Bail Hearings in Canada

By Last Updated: June 19, 2024

Bail Hearings in CanadaIf you are reading about bail, it is most likely because someone you care about has been arrested and taken into custody, or you have an upcoming date from the police and want to know what to expect.

Bail may also be referred to as “Judicial Interim Release.” Both terms refer to the temporary release of an accused person while their charges progress through the court system.

The bail process is one of the most fundamental steps in the criminal process. Whether you or someone dear to you is released, and the conditions of that release, will set the stage for the rest of the proceedings.

For many alleged crimes, you or your loved one may be released by a peace officer directly. However, factors such as the circumstances of the crime and the existence of a criminal record may make it necessary to hold a formal bail hearing.

Police agencies have varying policies surrounding whether a person can be released immediately upon being charged, or when they must appear in front of a judge or justice of the peace. The most challenging cases are those in which police policy mandates an appearance in front of a judge or justice of the peace, such as cases involving domestic violence.

In such cases person charged is usually detained in custody for a prolonged period while awaiting the next available justice of the peace or provincial court judge. The police will not release any information, nor will they confirm if the person is being held there unless the caller is a lawyer or the person detained is a minor.

For location-specific information on bail, please select the location nearest you and select “Bail Hearing” from the “Court Process” drop-down menu.

Bail Hearings

What happens at a bail hearing?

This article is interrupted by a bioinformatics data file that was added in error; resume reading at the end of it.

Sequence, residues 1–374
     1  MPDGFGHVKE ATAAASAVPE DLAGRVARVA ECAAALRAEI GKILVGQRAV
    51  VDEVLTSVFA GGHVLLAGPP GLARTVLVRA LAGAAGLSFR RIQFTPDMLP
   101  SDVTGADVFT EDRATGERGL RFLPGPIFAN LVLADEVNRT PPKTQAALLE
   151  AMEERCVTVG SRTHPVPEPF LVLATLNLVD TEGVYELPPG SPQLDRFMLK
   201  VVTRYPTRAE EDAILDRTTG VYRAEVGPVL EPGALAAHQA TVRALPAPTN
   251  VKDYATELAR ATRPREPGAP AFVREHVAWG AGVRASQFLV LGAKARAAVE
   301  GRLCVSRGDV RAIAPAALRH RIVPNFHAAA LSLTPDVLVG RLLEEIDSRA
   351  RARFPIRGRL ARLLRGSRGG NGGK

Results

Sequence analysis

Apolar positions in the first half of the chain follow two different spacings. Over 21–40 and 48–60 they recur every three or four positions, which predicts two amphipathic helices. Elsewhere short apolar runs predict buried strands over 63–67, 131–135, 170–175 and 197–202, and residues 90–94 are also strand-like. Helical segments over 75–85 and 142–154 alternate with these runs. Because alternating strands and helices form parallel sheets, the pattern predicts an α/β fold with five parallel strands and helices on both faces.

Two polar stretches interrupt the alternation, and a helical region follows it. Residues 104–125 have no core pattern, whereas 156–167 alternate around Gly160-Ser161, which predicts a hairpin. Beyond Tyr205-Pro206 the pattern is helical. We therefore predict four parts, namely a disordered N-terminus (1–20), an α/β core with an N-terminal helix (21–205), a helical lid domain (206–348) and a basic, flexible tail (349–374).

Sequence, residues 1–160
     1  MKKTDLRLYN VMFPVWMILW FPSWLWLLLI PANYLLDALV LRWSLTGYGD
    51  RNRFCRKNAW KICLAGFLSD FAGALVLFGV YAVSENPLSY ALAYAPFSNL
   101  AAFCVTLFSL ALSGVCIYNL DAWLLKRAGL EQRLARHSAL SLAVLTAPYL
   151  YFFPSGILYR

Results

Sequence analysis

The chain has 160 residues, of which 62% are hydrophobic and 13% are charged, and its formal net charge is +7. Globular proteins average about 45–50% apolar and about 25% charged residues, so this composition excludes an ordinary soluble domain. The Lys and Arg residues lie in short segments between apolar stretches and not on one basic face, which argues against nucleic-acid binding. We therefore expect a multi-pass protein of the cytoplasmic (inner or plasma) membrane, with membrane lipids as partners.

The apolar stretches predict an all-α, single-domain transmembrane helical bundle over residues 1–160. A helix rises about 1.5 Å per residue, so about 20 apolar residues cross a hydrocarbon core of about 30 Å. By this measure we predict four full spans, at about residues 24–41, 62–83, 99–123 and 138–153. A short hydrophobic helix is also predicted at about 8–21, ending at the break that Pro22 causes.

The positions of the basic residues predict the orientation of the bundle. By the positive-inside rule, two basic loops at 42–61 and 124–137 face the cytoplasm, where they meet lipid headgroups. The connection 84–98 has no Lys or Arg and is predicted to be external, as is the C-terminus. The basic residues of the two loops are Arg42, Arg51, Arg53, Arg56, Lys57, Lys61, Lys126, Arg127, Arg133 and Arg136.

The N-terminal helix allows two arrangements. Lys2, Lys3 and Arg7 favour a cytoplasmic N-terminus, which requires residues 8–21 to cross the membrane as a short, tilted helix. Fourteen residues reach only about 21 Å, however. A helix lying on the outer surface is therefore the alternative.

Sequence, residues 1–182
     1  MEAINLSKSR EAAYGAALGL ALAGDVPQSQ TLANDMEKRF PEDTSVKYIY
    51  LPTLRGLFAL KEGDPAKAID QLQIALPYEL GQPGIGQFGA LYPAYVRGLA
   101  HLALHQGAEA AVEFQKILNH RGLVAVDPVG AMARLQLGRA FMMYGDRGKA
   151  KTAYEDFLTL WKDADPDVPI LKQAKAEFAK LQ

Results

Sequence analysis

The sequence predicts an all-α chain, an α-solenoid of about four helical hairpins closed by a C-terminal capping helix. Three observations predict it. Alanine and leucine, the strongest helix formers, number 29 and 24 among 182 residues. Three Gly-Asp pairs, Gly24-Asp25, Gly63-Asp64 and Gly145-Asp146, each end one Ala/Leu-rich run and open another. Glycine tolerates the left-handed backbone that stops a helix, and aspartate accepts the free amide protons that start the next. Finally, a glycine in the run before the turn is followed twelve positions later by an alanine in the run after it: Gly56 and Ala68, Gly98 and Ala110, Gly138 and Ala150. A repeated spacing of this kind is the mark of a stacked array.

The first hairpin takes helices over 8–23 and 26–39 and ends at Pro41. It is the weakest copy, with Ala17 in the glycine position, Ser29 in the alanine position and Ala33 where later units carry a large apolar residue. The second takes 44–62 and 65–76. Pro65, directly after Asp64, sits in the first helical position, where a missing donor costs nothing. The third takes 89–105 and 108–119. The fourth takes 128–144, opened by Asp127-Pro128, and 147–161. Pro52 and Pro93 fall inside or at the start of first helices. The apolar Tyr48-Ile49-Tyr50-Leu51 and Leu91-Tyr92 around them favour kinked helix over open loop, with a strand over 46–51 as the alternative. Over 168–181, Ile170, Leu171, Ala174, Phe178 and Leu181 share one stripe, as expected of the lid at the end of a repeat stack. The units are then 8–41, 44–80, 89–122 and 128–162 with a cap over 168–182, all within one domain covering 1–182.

After you are arrested and brought into custody prior to trial, a bail hearing will occur within 24 hours of your arrest. The bail hearing is where it will be determined whether you should be kept in custody, released, or if the hearing should be adjourned. Unless the Crown shows cause why you should be held in custody or given strict bail conditions, at the first hearing you should be released.

What to expect at a bail hearing?

Typically, at a bail hearing the Crown will provide a summary of the allegations against you and explain whether they are seeking your detention or consenting to your release on conditions, and what grounds they rely on for their application. When making their application, the type of evidence that the Crown will usually rely on includes the full circumstances of the offence, your existing criminal record, whether you are in a position of reverse onus (see below for further explanation), and what conditions should be imposed on you if you are released.

If you can afford bail, the defence will then typically present arguments as to why detention or strict bail conditions are not warranted in the circumstances. In doing so, defence counsel will likely suggest bail conditions that will result in minimal restriction, but that will also try to address the concerns of the court.

Show cause and why bail can be refused

One term that is often used in the context of bail hearings is ‘show cause’. Show cause refers to the burden placed on the Crown at a bail hearing to show justifiable reasons why an accused should be kept in custody.

In order to show cause, the Crown Prosecutor must demonstrate that your detention is justified on the basis of one or more of the following three grounds. The three grounds that are considered include:

  • Primary Ground: the detention of the accused is necessary to ensure the accused’s attendance at court;
  • Secondary Ground: the detention of the accused is necessary for the protection and safety of the public from the risk of further crime and to protect witnesses from interference or intimidation; and
  • Tertiary ground: the continued detention of the accused is necessary to maintain the confidence of the public in the administration of justice.

While the burden to show cause for continued detention is placed on the Crown at a bail hearing, there are some circumstances where the burden is reversed and you will have the onus of justifying your release. The conditions that trigger this “reverse onus” are: